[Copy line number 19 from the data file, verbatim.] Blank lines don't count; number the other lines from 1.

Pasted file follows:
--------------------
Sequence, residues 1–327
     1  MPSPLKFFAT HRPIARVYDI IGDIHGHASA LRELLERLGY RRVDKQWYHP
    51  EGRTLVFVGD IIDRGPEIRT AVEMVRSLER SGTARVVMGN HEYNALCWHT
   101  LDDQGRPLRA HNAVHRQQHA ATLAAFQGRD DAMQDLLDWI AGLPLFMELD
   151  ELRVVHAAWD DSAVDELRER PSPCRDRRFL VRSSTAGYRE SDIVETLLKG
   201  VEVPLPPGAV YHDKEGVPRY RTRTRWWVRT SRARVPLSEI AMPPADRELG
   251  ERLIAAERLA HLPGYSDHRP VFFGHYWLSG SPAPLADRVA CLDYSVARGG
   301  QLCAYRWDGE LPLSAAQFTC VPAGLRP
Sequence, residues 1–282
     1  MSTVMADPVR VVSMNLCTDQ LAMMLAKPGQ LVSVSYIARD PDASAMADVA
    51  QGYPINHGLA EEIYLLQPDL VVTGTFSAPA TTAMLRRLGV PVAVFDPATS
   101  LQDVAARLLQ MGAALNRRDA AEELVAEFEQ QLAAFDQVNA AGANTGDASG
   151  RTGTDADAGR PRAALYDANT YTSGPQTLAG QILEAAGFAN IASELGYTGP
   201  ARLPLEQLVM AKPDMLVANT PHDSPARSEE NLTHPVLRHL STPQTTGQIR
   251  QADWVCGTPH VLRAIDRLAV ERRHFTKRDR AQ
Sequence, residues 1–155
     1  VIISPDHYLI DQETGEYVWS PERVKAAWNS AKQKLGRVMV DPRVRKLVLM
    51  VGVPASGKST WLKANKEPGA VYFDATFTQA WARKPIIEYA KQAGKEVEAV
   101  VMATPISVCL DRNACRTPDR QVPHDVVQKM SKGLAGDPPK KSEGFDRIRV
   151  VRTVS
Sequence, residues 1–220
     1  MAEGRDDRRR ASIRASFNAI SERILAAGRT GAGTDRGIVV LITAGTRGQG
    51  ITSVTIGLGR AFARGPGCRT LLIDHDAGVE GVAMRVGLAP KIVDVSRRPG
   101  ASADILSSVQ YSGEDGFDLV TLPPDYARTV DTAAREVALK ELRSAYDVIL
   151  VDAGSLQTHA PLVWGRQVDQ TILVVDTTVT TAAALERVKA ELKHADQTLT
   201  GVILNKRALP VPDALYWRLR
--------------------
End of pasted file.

   101  VMATPISVCL DRNACRTPDR QVPHDVVQKM SKGLAGDPPK KSEGFDRIRV